Pharmacology and Therapeutics | Year: 2012

The extracellular matrix is a complex network of fibrous and nonfibrous molecules that not only provide structure to the lung but also interact with and regulate the behaviour of the cells which it surrounds. Recently it has been recognised that components of the extracellular matrix proteins are released, often through the action of endogenous proteases, and these fragments are termed matrikines. Matrikines have biological activities, independent of their role within the extracellular matrix structure, which may play important roles in the lung in health and disease pathology. Integrins are the primary cell surface receptors, characterised to date, which are used by the matrikines to exert their effects on cells. However, evidence is emerging for the need for co-factors and other receptors for the matrikines to exert their effects on cells. The potential for matrikines, and peptides derived from these extracellular matrix protein fragments, as therapeutic agents has recently been recognised. The natural role of these matrikines (including inhibitors of angiogenesis and possibly inflammation) make them ideal targets to mimic as therapies. A number of these peptides have been taken forward into clinical trials. The focus of this review will be to summarise our current understanding of the role, and potential for highly relevant actions, of matrikines in lung health and disease. © 2012 Elsevier Inc. All rights reserved. Source


Thompson B.R.,Monash University | Thompson B.R.,Cooperative Research Center for Asthma and Airways | Douglass J.A.,Royal Melbourne Hospital | Ellis M.J.,Monash University | And 7 more authors.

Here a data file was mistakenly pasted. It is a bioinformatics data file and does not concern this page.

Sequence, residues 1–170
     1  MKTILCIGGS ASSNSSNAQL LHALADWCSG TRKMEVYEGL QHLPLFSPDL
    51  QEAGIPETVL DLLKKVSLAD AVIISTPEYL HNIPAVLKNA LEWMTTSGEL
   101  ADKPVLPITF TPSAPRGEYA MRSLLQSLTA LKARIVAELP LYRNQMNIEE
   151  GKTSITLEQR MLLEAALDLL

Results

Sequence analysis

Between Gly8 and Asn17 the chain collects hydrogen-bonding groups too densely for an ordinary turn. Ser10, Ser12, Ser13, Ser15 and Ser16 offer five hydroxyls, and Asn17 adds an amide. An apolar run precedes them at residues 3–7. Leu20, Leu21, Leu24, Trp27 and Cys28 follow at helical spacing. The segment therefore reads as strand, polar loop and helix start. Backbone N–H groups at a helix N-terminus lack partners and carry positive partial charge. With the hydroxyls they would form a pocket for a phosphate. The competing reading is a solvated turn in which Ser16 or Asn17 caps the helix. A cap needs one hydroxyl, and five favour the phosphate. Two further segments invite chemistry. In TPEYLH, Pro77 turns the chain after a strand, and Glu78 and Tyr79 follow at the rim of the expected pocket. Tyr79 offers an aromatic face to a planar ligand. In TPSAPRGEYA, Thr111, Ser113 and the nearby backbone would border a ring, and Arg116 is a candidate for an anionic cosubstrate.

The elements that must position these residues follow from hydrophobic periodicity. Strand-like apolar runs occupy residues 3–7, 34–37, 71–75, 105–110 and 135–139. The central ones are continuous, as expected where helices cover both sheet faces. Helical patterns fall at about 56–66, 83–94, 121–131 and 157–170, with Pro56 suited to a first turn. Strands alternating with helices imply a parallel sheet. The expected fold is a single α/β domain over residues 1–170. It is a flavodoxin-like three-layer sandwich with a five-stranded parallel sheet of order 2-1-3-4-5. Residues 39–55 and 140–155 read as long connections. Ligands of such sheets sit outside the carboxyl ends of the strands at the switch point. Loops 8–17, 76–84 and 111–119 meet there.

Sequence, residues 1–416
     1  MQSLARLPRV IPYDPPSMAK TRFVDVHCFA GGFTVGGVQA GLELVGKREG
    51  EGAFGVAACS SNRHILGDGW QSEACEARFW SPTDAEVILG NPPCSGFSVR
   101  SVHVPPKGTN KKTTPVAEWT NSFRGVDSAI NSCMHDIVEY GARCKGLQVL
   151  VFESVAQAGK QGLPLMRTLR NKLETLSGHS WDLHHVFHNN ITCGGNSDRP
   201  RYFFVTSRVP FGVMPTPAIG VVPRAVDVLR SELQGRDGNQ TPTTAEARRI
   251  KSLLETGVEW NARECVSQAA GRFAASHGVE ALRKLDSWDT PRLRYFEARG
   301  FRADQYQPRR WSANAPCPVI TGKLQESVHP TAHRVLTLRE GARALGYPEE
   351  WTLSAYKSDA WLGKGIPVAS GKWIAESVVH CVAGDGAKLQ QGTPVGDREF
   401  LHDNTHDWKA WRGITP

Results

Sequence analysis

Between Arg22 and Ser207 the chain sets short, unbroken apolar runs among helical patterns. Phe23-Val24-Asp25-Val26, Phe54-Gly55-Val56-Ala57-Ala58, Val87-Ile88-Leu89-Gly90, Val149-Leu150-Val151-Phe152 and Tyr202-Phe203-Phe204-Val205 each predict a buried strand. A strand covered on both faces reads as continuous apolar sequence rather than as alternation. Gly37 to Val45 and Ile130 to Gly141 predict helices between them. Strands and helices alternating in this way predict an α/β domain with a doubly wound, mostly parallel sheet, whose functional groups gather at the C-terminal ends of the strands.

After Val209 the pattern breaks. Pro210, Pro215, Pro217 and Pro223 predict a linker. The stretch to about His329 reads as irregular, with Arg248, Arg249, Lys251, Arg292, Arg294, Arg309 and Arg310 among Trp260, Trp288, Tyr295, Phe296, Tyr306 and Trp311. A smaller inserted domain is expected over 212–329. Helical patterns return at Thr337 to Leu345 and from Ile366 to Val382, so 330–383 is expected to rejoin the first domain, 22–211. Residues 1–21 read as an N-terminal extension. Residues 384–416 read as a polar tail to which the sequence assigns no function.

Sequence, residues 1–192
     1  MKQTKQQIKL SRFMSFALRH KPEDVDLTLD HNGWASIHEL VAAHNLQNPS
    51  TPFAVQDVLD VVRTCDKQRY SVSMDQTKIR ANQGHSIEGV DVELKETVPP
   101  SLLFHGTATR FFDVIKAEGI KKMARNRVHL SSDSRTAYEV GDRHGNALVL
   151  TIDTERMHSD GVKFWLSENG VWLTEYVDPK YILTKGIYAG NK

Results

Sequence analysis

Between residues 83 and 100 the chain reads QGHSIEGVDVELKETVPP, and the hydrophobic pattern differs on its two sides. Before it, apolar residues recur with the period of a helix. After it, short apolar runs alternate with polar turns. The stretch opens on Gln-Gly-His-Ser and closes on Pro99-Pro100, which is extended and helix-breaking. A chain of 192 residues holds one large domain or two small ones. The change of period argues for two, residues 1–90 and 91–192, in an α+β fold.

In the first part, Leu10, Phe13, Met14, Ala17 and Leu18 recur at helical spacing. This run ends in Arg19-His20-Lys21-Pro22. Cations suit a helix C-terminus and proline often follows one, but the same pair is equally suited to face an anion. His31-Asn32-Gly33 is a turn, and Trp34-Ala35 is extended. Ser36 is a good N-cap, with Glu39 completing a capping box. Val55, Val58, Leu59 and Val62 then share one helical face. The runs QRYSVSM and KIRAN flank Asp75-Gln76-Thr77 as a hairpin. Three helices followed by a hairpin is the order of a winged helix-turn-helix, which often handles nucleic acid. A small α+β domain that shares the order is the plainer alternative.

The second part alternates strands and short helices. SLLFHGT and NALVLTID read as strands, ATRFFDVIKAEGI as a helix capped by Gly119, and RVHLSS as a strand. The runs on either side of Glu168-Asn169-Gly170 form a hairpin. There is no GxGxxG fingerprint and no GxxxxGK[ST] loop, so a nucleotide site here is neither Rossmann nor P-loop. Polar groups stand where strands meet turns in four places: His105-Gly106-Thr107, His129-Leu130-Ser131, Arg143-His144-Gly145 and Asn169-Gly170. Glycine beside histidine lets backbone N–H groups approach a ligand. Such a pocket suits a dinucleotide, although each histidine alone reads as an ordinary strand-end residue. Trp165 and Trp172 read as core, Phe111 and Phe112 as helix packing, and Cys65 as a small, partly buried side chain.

Journal of Allergy and Clinical Immunology | Year: 2013

Background: Exacerbations of asthma are thought to be caused by airflow obstruction resulting from airway inflammation, bronchospasm, and mucus plugging. Histologic evidence suggests the small airways, including acinar air spaces, are involved; however, this has not been corroborated in vivo by measurements of peripheral small-airway function. Objective: We sought to determine whether asthma severity is linked to small-airway function, particularly in patients with acute severe asthma. Methods: Eighteen subjects admitted for an asthma exacerbation underwent lung function testing, including measures of acinar ventilation heterogeneity (Sacin) and conductive ventilation heterogeneity (Scond) using the multiple-breath nitrogen washout. Treatment requirement was defined according to Global Initiative for Asthma scores. Data were compared with those obtained in 19 patients with stable asthma. Results: For the asthma exacerbation group, the median FEV1 was 59% of predicted value (95% CI, 45% to 75% of predicted value), the median Scond value was 185% of predicted value (95% CI, 119% to 245% of predicted value), and the median Sacin value was 225% of predicted value (95% CI, 143% to 392% of predicted value). FEV1 (percent predicted) was correlated with Sacin (percent predicted) values (Spearman rho = -0.67, P =.006) but not with Scond (percent predicted) values (P >.1). The Global Initiative for Asthma score was significantly related to Sacin (percent predicted) (Spearman rho = 0.59, P =.016) but not to Scond (percent predicted) values (P >.1). The unstable group was characterized by considerably lower forced vital capacity (P <.001) and higher Scond (P =.001) values than the unstable group. In a subgroup of 11 unstable patients who could be reviewed after 4 weeks, FEV1, forced vital capacity, Sacin, and Scond values showed marked improvements. Conclusion: Our findings suggest that unstable asthma is characterized by a combined abnormality in the acinar and conductive lung zones, both of which are partly reversible. Functional abnormality in the acinar lung zone in particular showed a direct correlation with airflow obstruction and treatment requirement in patients with acute severe asthma. © 2012 American Academy of Allergy, Asthma & Immunology. Source